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Hill v. Walsh

United States Court of Appeals, First Circuit

February 27, 2018

ROLAND G. HILL; MARY R. HILL, Plaintiffs, Appellants,
v.
EDWARD WALSH, individually and in his official capacity as Chief of the City of Taunton Police Department; CITY OF TAUNTON, MA; DEBORAH LAVOIE; WILLIAM HENAULT; TROY ENOS; JOSEPH MARQUES, Defendants, Appellees.

         APPEAL FROM THE UNITED STATES DISTRICT COURT FOR THE DISTRICT OF MASSACHUSETTS Hon. Richard G. Stearns, U.S. District Judge

          Paul W. Patten for appellants.

          Daniel F. de Abreau, First Assistant City Solicitor, for appellee

          Before Howard, Chief Judge, Lynch and Thompson, Circuit Judges

          LYNCH, CIRCUIT JUDGE.

         In this opinion, we bring our circuit law into conformity with the Supreme Court's precedent on the emergency aid exception to the Fourth Amendment requirement that a warrant be obtained before police entry into homes. We explain below.

         On March 3, 2015, Matthew Hill, age 28, overdosed and was taken to Morton Hospital in Taunton, Massachusetts. The next day, several Taunton police officers arrived at his parents' home to escort Matthew to a state court civil-commitment hearing. On Matthew's sister's application, a Taunton district judge had issued a warrant earlier that day to apprehend Matthew pursuant to Mass. Gen. Laws ch. 123, § 35. The warrant indicated both that Matthew was currently at the hospital and that his home address was 3 Eldridge Street. The officers went to that address. When two officers thought that they saw movement inside the home, but no one came to the door, the police entered, believing Matthew to be in danger of overdosing inside. Damage was done to the home as the officers subdued the Hills' dogs upon entry.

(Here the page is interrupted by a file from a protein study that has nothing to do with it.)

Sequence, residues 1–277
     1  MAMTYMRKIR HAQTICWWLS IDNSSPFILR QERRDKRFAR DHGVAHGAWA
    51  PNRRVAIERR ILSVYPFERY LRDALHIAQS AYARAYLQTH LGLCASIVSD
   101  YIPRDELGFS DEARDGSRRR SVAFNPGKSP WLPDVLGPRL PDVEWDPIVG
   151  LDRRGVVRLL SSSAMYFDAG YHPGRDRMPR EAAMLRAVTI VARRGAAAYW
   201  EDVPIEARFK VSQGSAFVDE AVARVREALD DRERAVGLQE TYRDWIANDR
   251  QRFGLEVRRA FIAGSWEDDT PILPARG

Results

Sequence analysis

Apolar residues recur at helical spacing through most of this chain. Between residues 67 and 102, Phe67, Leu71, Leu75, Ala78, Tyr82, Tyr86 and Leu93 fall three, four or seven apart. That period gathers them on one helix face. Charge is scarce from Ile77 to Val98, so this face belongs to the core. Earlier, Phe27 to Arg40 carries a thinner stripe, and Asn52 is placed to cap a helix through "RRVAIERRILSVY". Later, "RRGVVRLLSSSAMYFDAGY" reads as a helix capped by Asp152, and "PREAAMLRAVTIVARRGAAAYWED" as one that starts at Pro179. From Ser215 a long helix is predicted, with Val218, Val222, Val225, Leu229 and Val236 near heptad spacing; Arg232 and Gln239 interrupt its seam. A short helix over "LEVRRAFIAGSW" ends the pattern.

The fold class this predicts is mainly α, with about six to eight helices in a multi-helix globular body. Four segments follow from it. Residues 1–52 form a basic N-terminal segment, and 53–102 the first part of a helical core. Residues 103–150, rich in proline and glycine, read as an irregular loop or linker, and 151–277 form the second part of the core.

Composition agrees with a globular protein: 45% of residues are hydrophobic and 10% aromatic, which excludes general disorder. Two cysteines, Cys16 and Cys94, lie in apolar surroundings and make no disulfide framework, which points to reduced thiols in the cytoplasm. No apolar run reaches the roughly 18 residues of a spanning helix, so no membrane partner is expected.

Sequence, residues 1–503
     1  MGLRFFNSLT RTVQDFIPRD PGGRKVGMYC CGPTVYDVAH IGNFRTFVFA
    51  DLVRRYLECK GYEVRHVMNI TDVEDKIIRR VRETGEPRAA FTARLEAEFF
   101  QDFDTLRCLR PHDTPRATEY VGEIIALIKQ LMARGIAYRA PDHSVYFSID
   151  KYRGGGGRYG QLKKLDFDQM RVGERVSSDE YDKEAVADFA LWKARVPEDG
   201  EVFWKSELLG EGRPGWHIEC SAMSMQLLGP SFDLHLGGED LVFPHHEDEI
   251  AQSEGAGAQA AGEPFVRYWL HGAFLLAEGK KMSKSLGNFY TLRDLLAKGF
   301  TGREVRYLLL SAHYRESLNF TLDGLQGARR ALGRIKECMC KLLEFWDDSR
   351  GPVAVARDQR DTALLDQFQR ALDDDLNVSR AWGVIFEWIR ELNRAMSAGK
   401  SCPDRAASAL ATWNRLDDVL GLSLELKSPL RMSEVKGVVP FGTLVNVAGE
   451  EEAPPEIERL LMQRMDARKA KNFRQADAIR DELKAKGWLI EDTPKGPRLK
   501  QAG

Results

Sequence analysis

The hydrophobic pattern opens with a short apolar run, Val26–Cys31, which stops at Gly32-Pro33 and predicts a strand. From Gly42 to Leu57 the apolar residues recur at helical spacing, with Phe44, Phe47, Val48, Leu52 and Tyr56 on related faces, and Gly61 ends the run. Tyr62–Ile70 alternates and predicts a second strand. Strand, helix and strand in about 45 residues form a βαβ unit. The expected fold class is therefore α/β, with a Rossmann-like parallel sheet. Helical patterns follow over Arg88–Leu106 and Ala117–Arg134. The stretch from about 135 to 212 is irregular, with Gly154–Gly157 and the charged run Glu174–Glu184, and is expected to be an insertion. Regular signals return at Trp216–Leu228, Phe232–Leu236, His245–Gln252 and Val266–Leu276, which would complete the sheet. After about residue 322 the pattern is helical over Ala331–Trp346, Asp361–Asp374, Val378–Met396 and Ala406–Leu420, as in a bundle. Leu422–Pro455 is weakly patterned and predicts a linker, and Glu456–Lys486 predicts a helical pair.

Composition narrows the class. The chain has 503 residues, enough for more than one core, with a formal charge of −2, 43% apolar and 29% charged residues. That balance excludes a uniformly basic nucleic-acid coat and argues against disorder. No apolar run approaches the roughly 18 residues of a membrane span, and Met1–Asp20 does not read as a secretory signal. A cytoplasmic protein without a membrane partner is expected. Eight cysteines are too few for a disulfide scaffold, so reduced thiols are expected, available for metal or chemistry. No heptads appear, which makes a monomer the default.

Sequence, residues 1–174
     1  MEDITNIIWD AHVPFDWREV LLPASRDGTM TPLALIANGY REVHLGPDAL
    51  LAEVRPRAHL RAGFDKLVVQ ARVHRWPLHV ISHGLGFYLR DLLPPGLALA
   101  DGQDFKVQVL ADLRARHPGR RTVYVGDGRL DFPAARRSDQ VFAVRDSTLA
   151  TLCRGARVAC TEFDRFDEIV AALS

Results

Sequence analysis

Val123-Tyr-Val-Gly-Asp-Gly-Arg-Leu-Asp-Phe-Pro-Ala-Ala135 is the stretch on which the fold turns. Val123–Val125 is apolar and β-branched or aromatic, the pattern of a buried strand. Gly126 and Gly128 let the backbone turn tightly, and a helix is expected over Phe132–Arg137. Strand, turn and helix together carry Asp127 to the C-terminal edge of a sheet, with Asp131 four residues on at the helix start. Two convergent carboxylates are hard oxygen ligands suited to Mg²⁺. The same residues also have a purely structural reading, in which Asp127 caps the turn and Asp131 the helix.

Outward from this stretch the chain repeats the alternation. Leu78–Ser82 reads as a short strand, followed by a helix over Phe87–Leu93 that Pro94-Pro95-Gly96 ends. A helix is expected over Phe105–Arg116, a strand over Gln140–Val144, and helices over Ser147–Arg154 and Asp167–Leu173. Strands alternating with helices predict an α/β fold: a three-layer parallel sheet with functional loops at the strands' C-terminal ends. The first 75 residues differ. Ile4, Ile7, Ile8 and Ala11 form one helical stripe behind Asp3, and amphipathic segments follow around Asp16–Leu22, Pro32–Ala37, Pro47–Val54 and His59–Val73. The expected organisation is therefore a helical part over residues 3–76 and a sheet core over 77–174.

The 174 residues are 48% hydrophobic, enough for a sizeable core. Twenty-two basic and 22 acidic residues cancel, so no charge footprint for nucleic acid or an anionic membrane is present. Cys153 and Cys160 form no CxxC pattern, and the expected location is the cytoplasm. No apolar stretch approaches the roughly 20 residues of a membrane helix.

Matthew's parents, who owned the home at 3 Eldridge Street, brought suit against the officers and the City of Taunton under 42 U.S.C. § 1983, alleging that the police's entry had violated their Fourth Amendment rights. They also raised two related state law claims. The district court entered judgment in favor of the officers and the City on all counts on the grounds that there was no Fourth Amendment violation. We affirm on a different basis.

         Because the law on the emergency aid exception to the warrant requirement was not clearly established at the time of the incident, we uphold the district court's entry of judgment based on qualified immunity. We also take this opportunity to clarify our circuit's emergency aid doctrine: officers seeking to justify their warrantless entry need only demonstrate "'an objectively reasonable basis for believing' that 'a person within [the house] is in need of immediate aid.'" Michigan v. Fisher, 558 U.S. 45, 47 (2009) (alteration in original) (internal quotations omitted). They do not need to establish that their belief approximated probable cause that such an emergency existed. We thus modify our previous pronouncements in United States v. Martins, 413 F.3d 139 (1st Cir. 2005), and its progeny.